never like this when I was around him. Of course, I was never around him
where these things took place. I was nestled in the Apple ][ lab and Steve
didn't show this side of himself to me directly. Whenever I heard him
in a critical mood, I tended to agree with him, sometimes strongly so.
I'm a logical person and there are times that employees can't be slackers.
I'm not sure that
he'd agree that all of the things you call bad are really bad. They may
have been portrayed in a way that makes the bad part easier to recognize,
and not with an explanation as to why these things are considered good
and necessary for quality management.
the logical thing. But they didn't take the risk of improving the world
early, and as a result we are not as well off with computers as we could
have been. I'd rather have the inventing company in the lead. I do believe
that there was some deception practiced by Microsoft in convincing Apple
that they weren't trying to copy the Macintosh when it was really a strong
goal of theirs. I guess you could call that a 'move' on us.
I thoroughly enjoyed browsing your website today! A friend of mine
emailed me about your web-cam, and I thought I'd burn a little time giving
it a look. I was surprised to discover how much great content you had
put into your website. I am a web developer, and it's rare to find any
personal websites that have the rewarding interactivity that your site
has. I'm curious to know something. I didn't notice any kind of "credits"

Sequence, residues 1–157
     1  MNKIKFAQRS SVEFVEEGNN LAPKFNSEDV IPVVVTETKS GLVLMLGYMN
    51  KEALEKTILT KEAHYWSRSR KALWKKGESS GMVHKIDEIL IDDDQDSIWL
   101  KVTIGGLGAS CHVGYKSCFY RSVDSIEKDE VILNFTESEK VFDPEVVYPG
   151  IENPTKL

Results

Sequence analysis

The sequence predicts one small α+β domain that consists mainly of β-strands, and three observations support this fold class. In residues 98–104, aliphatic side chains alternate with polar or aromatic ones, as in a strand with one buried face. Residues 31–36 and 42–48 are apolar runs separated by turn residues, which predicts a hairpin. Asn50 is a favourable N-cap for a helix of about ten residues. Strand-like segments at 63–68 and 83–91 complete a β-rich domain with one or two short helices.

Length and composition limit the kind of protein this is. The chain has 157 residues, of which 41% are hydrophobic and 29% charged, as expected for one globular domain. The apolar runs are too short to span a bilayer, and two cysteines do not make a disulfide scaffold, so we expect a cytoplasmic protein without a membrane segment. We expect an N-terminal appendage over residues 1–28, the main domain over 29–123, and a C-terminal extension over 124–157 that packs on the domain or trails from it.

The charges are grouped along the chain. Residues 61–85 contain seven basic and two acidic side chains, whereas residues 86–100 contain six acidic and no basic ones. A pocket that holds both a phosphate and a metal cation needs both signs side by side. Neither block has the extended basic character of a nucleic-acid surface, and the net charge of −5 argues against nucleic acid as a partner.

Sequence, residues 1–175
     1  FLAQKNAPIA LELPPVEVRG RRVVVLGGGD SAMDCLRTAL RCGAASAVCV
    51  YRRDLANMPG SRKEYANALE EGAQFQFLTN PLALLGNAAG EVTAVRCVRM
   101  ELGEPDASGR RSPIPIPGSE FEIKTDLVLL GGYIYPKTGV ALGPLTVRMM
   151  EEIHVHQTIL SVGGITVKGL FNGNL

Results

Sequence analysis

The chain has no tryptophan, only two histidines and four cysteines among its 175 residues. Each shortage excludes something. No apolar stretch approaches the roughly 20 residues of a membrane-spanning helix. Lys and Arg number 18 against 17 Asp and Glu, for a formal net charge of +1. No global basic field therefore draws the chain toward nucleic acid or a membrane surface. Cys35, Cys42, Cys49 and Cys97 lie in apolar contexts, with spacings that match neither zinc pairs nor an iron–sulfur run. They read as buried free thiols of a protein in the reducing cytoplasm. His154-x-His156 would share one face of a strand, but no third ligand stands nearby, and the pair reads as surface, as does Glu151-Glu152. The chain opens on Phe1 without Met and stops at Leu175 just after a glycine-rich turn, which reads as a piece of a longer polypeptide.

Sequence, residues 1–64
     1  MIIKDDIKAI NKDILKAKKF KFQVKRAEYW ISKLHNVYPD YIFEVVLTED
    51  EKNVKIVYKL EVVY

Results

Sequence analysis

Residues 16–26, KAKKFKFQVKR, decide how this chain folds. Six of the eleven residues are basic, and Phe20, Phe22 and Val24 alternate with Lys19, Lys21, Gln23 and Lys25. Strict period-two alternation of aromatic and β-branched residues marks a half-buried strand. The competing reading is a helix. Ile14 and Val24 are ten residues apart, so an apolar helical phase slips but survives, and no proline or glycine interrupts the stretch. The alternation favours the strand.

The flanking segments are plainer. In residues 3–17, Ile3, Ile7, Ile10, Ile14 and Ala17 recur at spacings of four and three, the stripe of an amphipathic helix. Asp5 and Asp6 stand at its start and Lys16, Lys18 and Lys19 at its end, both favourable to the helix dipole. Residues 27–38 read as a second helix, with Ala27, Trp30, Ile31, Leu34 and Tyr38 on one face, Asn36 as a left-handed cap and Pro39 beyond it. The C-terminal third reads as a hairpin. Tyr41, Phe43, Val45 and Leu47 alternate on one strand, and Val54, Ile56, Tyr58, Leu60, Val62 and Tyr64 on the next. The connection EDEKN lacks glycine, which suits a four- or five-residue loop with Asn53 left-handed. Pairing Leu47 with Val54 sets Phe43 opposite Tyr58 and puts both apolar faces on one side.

page or anything, so do you manage the site yourself, or do you have some
folks helping you with updates, etc?
Long long ago I created my own site. Then, as web technology developed,
friends were always jumping in to help out (I'm short of time always).
But the page fell way behind in appearance over the many years. More recently
a friend, Al Luckow, offered to spruce
it up. He suggested some content from myself and I'd just answered hundreds
of inquiries in the aftermath of the "Pirates of Silicon Valley"
movie so I printed them for Al. He manually typed them in (we do better
now) and that part of the page had a start. I tried to answer questions
in some detail so as to have more complete stories and opinions on the
WozCam, originally spurred and set up by my friend Dan Sokol remains a
popular part of the site. I have the version of the software to include
audio but haven't had the time in the last few months to install it. My
life priorities are a mess and I often work on email and nothing else
all day long. I rarely have time to just browse for enjoyment. That won't
last forever because I can't take it for that long.
I'm curious about your decision to use Motorola products in preference
to Intel or any of the other competitors in the market back in 1976. Did
you feel the technology was superior, or was there some personal stuff.
The technology was far superior to Intel. We didn't have any negative
feelings toward Intel. We had many friends there and Mike Markkula, our
3rd and equal partner, came well respected from Intel. In fact, before
we even sold an Apple ][, Mike got me into an Intel STAFF meeting to show
them what I had - all in a friendly way. The Apple ][ had a superior microprocessor
than the Intel ones at the time. The 68000 was far and away superior to
any Intel one when it came out, which is when we chose it. We were considering
bit slice processors also.